According to an MSNBC poll, 96 percent of respondents strongly favor the labeling of genetically modified foods. Over 40,000 people participated in the survey which is the latest in a series of national polls showing that a vast majority of Americans still want to exercise the right of informed consumer choice when it comes to nutrition.
Blogger Rady Ananda offers a review of opinion polls conducted since 1994 to show that the numbers have always heavily favored GMO labeling. Here are some examples:
The European Commission on Agriculture procured data from the U.S. for its own report which revealed that:
“84% of the respondents favoured [GM labels] in a 1995 USDA survey in New Jersey; 93% in the 1997 Novartis survey; and 81% in the Time magazine poll. In Canada, a 1994 survey showed that 83% to 94% of Canadians polled want labelling on foods that are produced using biotechnology.”
A 2003 study by the University of Maine and the Ohio State University had 85 percent of respondents calling for the labeling of GM foods. These researchers noted that:
“Polls have emphasized that a majority of consumers in the United States (US) desire GMFs to be labeled, and legislation has been entered at both the federal and state levels. For example, HR 3377 and S 2080—the “Genetically Engineered Food Right to Know Acts”—were introduced into the US House of Representatives and Senate, respectively. In addition, at least seven states have debated labeling and marketing requirements for GM foods. Further, the current lack of harmonization of policies across countries also makes GM food labeling an international trade issue.”
More recently, a CBS/New York Times poll in February found 87 percent favor labeling.
The will of the people is clear, so why are U.S. regulators ignoring it? The simplest answer might be monopoly aspirations. Opponents of GMO labeling are now easily identifiable as a small clique of lobbyists from the biotech, pharmaceutical and agricultural industries who have, themselves, been employed by one or more of the regulatory agencies which set the rules for the commercialization of food, namely the United States Department of Agriculture and the Food and Drug Administration. It matters not where the top food policy makers get their start, whether in the private sector as a biotech employee or as a bureaucrat in the regulatory apparatus. You can be sure they're always amenable to fulfilling both roles no matter their current title or position. The revolving door leadership policy adopted by the FDA has seen to it that Monsanto's main man and biotech advocate, Michael Taylor, has returned to the regulatory industry as our “Food Czar.”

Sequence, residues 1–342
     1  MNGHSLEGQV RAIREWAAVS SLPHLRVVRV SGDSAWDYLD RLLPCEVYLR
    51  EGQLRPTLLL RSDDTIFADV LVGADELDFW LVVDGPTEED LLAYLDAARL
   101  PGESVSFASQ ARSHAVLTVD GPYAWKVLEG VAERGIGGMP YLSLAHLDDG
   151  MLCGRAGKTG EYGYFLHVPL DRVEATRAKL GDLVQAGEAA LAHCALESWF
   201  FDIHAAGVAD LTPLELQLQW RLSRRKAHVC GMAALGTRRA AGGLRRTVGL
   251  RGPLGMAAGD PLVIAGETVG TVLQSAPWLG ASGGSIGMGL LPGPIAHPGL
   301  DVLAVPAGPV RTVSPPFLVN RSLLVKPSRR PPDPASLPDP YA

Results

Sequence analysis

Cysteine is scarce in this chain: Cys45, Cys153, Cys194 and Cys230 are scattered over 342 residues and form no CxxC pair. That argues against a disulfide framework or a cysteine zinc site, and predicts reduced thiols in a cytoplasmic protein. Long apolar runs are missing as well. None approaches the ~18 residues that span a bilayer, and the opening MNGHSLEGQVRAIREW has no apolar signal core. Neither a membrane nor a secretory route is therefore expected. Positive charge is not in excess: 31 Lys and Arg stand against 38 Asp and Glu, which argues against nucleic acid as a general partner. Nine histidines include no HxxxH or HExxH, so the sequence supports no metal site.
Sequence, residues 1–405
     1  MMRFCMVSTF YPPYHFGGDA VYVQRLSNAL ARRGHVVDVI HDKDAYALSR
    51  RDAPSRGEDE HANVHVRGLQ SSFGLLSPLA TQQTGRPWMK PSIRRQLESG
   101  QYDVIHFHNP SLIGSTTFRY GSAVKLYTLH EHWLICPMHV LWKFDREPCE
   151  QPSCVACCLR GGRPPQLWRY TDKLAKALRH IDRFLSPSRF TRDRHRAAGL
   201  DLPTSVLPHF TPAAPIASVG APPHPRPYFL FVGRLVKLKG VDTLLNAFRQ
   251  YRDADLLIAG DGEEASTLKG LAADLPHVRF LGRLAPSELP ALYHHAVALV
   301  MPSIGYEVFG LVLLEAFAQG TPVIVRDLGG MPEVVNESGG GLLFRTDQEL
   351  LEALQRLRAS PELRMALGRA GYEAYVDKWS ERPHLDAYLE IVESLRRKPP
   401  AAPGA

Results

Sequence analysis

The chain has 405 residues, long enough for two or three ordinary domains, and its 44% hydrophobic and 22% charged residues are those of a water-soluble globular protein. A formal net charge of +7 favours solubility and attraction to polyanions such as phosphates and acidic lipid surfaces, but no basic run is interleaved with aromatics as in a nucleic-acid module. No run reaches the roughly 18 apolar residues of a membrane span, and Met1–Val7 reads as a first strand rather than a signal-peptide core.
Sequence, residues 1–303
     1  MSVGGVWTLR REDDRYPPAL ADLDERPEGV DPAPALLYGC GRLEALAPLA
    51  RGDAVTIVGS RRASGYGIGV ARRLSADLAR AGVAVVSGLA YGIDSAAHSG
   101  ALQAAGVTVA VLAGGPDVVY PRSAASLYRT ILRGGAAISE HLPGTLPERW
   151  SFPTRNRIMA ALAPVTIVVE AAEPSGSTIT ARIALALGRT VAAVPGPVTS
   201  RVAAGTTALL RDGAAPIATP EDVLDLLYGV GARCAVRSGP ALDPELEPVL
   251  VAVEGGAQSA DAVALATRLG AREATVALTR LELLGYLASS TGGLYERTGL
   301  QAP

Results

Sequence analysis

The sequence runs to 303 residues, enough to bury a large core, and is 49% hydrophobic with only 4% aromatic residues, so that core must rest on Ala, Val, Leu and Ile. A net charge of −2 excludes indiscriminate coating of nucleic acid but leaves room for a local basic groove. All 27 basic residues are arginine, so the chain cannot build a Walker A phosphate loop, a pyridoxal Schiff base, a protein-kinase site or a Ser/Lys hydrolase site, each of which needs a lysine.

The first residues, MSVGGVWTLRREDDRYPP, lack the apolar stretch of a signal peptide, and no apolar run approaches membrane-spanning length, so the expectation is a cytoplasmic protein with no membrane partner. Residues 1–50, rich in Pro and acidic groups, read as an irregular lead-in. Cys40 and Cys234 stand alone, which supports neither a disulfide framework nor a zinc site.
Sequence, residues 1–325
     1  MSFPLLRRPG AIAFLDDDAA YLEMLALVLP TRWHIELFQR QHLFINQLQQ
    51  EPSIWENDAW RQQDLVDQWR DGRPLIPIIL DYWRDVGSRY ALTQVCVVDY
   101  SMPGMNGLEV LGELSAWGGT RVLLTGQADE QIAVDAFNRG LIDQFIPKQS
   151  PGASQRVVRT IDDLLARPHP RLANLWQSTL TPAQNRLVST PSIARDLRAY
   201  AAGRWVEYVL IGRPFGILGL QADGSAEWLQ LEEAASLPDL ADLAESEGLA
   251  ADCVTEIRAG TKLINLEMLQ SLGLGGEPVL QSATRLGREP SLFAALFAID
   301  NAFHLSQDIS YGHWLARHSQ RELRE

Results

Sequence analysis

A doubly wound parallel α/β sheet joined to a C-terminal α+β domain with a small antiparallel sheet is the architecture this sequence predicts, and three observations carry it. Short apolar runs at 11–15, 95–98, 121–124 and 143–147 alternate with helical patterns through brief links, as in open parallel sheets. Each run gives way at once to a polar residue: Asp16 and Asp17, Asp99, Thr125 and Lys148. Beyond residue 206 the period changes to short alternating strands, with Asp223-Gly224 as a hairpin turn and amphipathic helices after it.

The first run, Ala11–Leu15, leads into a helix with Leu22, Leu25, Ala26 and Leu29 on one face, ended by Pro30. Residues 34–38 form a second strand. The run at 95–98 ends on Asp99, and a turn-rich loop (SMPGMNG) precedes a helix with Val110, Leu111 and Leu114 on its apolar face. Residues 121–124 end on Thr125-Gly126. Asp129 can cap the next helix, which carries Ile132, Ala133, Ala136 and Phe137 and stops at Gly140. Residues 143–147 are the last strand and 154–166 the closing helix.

Taylor's stance on GMOs is that of the USDA's which has maintained that transgenic foods are “substantially equivalent” to their unadulterated counterparts. If genetically altered organisms are, in fact, the same as the real ones they mimic, how then are they patentable? Why does a double-standard exist for the labeling of foods grown without the use of synthetic hormones or pesticides (otherwise known as organics)? Surely, synthesizing the genetic makeup of a plant qualifies it as a substantially different product which requires it to be labeled properly.
Health arguments aside, what the GMO labeling debate boils down to is informed consent, or the lack thereof, when buying food in a regulated market. No one can make nutritional decisions for anyone else, but you certainly should be able to have all the necessary information at your disposal when making those decisions for yourself.